The Whirlpool Galaxy, also known as Messier 51 or M51, is familiar to legions of amateur astronomers, a face on spiral gravitationally interacting with a smaller nearby galaxy. On clear, moonless nights, M51’s spiral shape can be discerned in relatively modest amateur instruments, a dim, ghostly body near the bright star Alkaid at the end of the Big Dipper’s handle. But through the Hubble Space Telescope, M51 is revealed in all of its jaw dropping splendour, a magnificent swirl of tightly-wound spiral arms, glowing regions of star formation and countless clusters. Gravitational interactions with the companion galaxy, not seen in this image of the Whirlpool’s heart, trigger star formation across M51 as seen here in bright clusters of energetic young stars highlighted in red. Also visible are numerous dust “spurs” extending away from the spiral arms in near perpendicular fashion. The origin and evolution of the spurs are not yet understood.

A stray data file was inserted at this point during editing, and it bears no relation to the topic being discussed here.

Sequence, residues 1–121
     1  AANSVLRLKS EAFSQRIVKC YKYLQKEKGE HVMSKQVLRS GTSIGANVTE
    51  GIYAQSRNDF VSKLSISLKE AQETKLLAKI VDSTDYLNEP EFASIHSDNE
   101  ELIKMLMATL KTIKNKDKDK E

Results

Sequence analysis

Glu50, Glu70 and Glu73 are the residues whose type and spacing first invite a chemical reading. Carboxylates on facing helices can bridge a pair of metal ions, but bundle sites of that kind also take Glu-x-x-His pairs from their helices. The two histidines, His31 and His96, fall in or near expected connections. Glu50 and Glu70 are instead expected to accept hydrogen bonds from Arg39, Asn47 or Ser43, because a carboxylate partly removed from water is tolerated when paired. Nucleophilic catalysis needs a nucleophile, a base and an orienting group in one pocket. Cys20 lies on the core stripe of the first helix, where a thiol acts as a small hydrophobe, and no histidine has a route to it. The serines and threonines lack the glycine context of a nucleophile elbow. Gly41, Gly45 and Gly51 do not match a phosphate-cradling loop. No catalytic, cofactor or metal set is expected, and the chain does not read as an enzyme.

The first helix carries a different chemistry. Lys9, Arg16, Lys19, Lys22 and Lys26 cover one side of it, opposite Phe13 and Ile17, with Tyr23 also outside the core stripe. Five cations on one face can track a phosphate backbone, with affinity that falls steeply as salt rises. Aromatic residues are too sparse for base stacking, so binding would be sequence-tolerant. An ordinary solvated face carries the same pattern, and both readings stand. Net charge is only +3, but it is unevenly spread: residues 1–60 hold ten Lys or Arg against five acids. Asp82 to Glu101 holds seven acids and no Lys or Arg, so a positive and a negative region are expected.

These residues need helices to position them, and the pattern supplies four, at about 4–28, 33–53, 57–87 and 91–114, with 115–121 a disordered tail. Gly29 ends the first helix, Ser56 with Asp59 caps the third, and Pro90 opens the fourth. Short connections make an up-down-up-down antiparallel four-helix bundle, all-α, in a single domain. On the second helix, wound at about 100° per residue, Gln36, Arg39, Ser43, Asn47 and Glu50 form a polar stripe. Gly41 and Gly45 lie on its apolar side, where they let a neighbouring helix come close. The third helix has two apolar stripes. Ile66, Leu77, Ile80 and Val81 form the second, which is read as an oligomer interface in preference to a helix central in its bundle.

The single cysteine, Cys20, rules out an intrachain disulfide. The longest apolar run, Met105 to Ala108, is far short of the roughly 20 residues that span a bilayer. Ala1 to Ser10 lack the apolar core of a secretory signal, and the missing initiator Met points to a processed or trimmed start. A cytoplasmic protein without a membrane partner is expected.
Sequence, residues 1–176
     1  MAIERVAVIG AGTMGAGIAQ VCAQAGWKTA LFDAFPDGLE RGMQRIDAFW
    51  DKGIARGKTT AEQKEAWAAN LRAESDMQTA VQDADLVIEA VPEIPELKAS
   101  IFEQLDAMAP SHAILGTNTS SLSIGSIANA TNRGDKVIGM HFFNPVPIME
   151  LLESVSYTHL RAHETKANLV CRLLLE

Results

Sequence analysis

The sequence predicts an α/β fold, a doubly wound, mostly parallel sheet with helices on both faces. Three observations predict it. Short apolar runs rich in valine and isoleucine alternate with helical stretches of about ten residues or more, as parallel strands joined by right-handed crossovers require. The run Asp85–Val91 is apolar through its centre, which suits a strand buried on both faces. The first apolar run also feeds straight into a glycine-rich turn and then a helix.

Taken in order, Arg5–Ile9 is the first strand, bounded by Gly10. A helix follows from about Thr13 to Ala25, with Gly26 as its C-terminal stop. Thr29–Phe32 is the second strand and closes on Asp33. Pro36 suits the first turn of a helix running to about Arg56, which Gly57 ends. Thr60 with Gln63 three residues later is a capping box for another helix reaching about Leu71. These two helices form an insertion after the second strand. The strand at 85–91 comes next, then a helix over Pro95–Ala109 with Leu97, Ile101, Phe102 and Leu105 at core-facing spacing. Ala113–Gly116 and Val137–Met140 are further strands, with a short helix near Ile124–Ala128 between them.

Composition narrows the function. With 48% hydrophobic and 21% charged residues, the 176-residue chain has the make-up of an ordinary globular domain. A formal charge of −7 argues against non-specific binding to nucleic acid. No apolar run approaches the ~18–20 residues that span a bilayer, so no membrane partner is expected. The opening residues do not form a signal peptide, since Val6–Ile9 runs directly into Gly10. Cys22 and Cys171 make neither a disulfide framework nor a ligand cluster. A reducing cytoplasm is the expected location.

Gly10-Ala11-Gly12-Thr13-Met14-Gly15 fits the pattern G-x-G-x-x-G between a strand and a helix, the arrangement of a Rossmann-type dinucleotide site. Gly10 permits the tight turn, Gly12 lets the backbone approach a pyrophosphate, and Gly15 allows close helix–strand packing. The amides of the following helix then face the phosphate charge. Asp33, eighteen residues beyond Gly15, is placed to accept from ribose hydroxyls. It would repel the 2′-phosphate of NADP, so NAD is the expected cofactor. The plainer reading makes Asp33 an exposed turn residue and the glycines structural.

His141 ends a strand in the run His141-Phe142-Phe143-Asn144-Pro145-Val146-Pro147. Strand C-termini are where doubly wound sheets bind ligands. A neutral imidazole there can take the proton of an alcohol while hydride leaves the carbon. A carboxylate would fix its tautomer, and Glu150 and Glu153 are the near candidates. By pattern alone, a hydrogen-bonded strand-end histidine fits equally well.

Super-luminous supernovae (SLSNe) are a relatively new and rare class of stellar explosions, 10 to 100 times brighter than normal supernovae. According to a new model, researchers have found that highly magnetised, rapidly spinning neutron stars called magnetars could explain the energy source behind SLSNe.
This curious galaxy — known by the seemingly random jumble of letters and numbers 2MASX J16270254+4328340 — has been captured by the NASA/ESA Hubble Space Telescope dancing the crazed dance of a galactic merger. The galaxy has merged with another galaxy leaving a fine mist, made of millions of stars, spewing from it in long trails.